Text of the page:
Trade contacts with Byblos certainly took place during Sahure's reign and indeed excavations of the temple of Baalat-Gebal yielded an alabaster bowl inscribed with Sahure's name. There is further corroborating evidence for trade with the wider Levant during the 5th Dynasty, with a number of stone vessels inscribed with cartouches of pharaohs of this dynasty discovered in Lebanon. Finally, a piece of thin gold stamped to a wooden throne and bearing Sahure's cartouches has been purportedly found during illegal excavations in Turkey among a wider assemblage known as the "Dorak Treasure". The existence of the treasure is now widely doubted however.
In his last year on the throne, Sahure sent the first documented expedition to the fabled land of Punt. The expedition is said to have come back with 80,000 measures of myrrh, along with malachite and electrum. Because of this, Sahure is often credited with establishing an Egyptian navy. However, it is known today that preceding Egyptian kings had a high seas navy too, in particular Khufu during whose reign the oldest known harbor, Wadi al-Jarf, on the Red Sea was operating. Nonetheless, the reliefs from Sahure's pyramid complex remain the "first definite depictions of seagoing ships in Egypt" (Shelley Wachsmann).
In his last year of reign Sahure sent another expedition abroad, this time to the copper and turquoise mines of Wadi Maghareh and Wadi Kharit in Sinai, which had been active since at least the beginning of the 3rd Dynasty. This expedition brought back over 6000 units of copper to Egypt and also produced two reliefs in Sinai, one of which shows Sahure in the traditional act of smiting Asiatics and boasting "The Great God smites the Asiatics of all countries".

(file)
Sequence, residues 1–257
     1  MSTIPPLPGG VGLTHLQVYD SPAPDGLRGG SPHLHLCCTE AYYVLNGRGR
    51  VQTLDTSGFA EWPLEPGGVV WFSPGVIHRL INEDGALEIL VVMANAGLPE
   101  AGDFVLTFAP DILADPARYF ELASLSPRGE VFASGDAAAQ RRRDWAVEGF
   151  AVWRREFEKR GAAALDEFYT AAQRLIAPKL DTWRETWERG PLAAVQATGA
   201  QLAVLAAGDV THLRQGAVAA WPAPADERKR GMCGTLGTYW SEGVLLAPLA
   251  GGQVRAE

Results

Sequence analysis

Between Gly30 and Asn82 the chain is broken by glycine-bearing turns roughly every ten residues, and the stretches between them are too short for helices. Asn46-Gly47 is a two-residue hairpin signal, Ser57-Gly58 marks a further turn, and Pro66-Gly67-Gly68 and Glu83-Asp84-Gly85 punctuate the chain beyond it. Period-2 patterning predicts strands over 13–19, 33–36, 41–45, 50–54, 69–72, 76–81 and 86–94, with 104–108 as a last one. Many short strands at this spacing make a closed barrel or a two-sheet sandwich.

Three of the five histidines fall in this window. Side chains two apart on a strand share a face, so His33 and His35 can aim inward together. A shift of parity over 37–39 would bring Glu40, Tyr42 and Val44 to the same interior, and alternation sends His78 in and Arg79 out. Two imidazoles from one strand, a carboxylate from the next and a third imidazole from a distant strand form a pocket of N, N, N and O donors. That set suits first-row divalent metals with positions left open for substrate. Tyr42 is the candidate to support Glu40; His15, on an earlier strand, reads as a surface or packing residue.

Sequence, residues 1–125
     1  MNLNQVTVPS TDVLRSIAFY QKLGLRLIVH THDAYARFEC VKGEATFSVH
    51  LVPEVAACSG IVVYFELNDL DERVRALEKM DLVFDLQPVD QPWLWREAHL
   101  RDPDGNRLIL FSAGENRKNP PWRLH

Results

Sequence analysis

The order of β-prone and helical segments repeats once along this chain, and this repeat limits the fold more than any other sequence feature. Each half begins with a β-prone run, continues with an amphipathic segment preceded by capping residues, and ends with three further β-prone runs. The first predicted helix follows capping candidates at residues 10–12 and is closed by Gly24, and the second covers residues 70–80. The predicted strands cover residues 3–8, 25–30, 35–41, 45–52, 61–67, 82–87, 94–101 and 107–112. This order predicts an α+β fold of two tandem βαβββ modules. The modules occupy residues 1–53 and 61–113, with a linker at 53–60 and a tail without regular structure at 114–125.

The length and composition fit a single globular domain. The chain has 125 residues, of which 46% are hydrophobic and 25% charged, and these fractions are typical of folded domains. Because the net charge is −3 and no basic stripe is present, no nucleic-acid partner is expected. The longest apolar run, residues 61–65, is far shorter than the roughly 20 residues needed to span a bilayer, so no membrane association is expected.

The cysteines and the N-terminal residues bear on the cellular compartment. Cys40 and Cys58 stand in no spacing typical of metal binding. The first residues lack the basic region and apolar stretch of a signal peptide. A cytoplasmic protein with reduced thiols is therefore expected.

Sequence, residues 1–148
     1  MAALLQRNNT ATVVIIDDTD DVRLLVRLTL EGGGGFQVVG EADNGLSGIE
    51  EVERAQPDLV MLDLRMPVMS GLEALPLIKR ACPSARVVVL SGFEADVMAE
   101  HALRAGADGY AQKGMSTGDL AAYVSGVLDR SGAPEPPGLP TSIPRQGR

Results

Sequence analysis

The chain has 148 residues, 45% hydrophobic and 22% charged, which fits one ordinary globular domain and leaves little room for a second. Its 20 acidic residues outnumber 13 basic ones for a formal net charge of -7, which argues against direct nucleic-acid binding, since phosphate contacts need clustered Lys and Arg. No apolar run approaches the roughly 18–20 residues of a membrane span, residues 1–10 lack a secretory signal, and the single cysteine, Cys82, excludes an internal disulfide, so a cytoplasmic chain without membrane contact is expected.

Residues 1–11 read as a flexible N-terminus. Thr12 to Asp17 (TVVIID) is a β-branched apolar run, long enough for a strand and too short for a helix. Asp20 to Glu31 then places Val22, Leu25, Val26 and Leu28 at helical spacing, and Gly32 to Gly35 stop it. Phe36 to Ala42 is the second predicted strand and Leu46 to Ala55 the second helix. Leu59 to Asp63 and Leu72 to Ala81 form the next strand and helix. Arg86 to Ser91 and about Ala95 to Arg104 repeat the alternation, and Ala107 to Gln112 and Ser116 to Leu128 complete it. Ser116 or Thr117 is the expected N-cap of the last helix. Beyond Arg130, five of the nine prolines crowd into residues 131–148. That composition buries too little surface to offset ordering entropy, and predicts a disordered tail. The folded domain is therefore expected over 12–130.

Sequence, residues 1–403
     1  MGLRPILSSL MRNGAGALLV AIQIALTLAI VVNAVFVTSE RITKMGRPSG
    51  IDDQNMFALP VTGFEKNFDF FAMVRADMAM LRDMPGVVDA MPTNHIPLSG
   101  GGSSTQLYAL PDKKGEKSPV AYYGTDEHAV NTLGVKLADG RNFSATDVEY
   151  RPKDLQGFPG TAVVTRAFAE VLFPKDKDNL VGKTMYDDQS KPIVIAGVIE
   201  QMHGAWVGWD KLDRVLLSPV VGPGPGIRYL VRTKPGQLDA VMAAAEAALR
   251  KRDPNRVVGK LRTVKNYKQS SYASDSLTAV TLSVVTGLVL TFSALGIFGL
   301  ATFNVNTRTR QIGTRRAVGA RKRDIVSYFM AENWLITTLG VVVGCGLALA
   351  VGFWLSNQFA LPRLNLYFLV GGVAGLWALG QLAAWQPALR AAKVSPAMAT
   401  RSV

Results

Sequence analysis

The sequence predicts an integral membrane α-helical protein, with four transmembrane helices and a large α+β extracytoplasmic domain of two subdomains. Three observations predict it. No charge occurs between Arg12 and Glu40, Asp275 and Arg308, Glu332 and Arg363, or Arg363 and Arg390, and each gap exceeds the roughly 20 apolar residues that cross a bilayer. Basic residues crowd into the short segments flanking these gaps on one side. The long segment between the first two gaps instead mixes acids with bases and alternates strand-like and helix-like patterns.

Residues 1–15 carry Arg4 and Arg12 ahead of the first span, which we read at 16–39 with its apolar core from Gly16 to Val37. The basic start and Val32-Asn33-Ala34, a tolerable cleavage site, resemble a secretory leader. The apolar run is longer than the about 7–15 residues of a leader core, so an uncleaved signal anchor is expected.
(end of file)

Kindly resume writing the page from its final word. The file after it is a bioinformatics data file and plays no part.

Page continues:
The beginning of the 5th Dynasty marks an abrupt and profound change in Egypt. As an aside, one thing I have noted many times is that the overwhelming majority of burials at the Giza pyramid cemeteries all date to the 5th and 6th Dynasties. The so-called pyramid workers cemetery does not date the 4th Dynasty, but rather the 5th Dynasty spanning nearly to its end. It is the people of the 5th Dynasty that are the "overseers of the north side of the pyramid" and the like. It is also with the beginning of the 5th Dynasty that we see the emergence of the pyramid kilt guild as well that transforms from this in the 4th Dynasty:HERE to this directly following in the 5th Dynasty:
I'm getting off topic right now, but I believe the Giza pyramids were not completed in the 4th Dynasty, but were continued to have been worked on well into the 5th and 6th Dynasties. I would also say that it is very likely that a large contingent of the labor to build the pyramids were foreigners either brought to Egypt as slaves or military prisoners.
Time and again I have spoken of the intimate connections between Egypt and the Levant and Mesopotamia in the historical period going back nearly 8,000yrs to the first settlers of the Fayoum from the Levant. I recently wrote about how the beginnings of the MK, a time of profound change and revitalisation in Egypt, were deeply rooted in direct connection with Canaan (Levant) in which in the 13th Dynasty Canaan even took over the Nile Delta and formed their own kingdom.
It would appear that the changes found beginning with the 5th Dynasty are once again the product of direct interaction with foreign cultures from the Levant. They brought them to Egypt by the boatload. Time and again whenever I look for answers as to why AE Dynastic periods go off on an abrupt tangent, sure enough I find pronounced direct interaction with a foreign culture from the Levant, and regarding the formation of the Dynastic state, Mesopotamia. From the MK to the end of the Dynastic period, part and parcel of Egyptian culture is the occupation by a foreign power-Canaan, Hyksos, Hittites, Phoenicians, Greeks, Romans-why would the OK and archaic Dynastic period be any different? And yet despite this what we see time and again is this foreign subjugator adopting the culture of the DE, not the other way around, yet for some reason we expect the OK and earlier to be different?
Edited 4 time(s). Last edit at 06-Feb-18 06:29 by Thanos5150.